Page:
1922, when they read and hear of the anti-Zionist activities of the
Palestine Administration, and when they hear no word of manly protests
against all this on the part of the Zionist Executive, but on the
contrary see that the executive keeps smiling and bowing as though
everything in the government’s behaviour were quite satisfactory; – then
the confidence and the energy of the Zionist worker inevitably weakens.“The most perfect organization of voluntary workers is of no avail
where its very basis – the voluntary workers themselves, – have lost
faith and see no meaning in their work.”
Jabotinsky believed that by not insisting on our rights, we would lose them. The British Government had a conscious aim, he concluded, “of bringing to naught all the pledges and declarations given to the Jewish people, of abolishing de facto our recognized rights and of destroying the very ground under our feet in our country”.
He proposed to the Actions Committee of the Zionist Organization, a resolution which made three demands
1) To inform Britain that their present policies threatens “to ruin
the Zionist movement and bring our enterprise in Palestine to
bankruptcy”,2) “To declare that the presence of anti-Zionists and
anti-semites in the British personnel of the Palestine Administration”
is contrary to the Mandate and to instruct the executive to insist on
their withdrawal” and
3) “To proclaim that “the [Zionist] movement stands on the basis of its historic aim and that our obligations to the Mandatory Power admit of no other interpretation.”
Jabotinsky’s views were so dramatically different from those of the executive, he decided to resign; a decision, not unwelcomed by many.
In his resignation letter, he charged that the executive’s policy “is mainly characterized by the underlying assumption that a party which has no coercive force at its disposal will therefore prove incapable to defend before the British government its constitutional rights.” He utterly rejected this policy and wrote;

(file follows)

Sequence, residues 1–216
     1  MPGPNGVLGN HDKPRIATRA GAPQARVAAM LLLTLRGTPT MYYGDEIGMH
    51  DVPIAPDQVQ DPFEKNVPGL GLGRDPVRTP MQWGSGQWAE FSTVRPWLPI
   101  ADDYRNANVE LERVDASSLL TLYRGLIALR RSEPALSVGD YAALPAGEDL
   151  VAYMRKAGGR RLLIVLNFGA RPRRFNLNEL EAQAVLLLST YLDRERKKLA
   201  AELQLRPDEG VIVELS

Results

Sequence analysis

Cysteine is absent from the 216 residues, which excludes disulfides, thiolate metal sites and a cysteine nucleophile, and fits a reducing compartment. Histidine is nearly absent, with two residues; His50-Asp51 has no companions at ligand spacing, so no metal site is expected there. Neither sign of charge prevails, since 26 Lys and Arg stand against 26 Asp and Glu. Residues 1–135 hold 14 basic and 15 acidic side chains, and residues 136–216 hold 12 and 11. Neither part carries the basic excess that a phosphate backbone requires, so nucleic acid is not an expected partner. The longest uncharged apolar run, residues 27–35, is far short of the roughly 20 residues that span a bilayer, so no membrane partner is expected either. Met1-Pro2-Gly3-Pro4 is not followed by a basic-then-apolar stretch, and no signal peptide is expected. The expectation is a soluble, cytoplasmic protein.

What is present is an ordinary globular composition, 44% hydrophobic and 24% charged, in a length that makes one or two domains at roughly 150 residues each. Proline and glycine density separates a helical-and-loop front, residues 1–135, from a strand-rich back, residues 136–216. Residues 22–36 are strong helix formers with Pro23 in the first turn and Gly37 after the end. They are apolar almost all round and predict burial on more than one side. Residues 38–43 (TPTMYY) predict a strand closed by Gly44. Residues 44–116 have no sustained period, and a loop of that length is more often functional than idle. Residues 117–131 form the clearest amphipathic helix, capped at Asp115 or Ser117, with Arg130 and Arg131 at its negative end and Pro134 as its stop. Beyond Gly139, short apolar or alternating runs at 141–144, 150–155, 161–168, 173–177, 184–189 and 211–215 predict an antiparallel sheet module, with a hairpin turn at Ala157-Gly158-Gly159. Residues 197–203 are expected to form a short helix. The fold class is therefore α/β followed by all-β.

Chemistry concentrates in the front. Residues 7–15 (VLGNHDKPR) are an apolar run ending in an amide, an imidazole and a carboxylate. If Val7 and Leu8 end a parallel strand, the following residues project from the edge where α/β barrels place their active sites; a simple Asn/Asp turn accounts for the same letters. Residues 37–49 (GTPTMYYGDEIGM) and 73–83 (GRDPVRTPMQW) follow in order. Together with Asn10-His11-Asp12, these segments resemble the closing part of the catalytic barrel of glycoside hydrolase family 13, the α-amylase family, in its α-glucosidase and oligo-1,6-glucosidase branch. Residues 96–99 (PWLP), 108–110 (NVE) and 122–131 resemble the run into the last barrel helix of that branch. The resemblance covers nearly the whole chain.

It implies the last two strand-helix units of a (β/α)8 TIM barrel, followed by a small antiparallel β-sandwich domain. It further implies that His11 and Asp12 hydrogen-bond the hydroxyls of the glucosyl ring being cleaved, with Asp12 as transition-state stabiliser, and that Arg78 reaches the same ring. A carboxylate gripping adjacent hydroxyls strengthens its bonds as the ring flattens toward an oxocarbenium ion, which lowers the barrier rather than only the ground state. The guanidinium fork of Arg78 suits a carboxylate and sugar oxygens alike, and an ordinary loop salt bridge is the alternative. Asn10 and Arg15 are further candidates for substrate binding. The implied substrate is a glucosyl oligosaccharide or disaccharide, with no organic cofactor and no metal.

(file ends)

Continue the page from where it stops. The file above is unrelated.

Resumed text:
“in the heart of the English people and government, he who stubbornly
and systematically fights for a complete fulfillment of his rights will
only meet with approval and respect and – even though it be only after a
long struggle – justice and satisfaction”.
”There is no reason to depict a civilized government as though it were
some highwayman with whom you cannot sit down to table unless you come
with a gun”.
“But for this we need a vigorous and determined campaign, without any
wobbling. When you are fighting for your rights – even when faced by a
stronger side – you are sometimes forced to make demands which are not
convenient and are not pleasant for the other side. Nevertheless they
must be presented and sustained however unpleasant they are to the other
side; and if they flow from an undoubted right, then in the long run,
the British will recognize it.”
Furthermore Jabotinsky had confidence in the English people and their government. Similarly today, Yoram Ettinger argues that we should have confidence in the American people and their government. The justice of our cause will win in the end. Right makes might.
When will our leaders learn.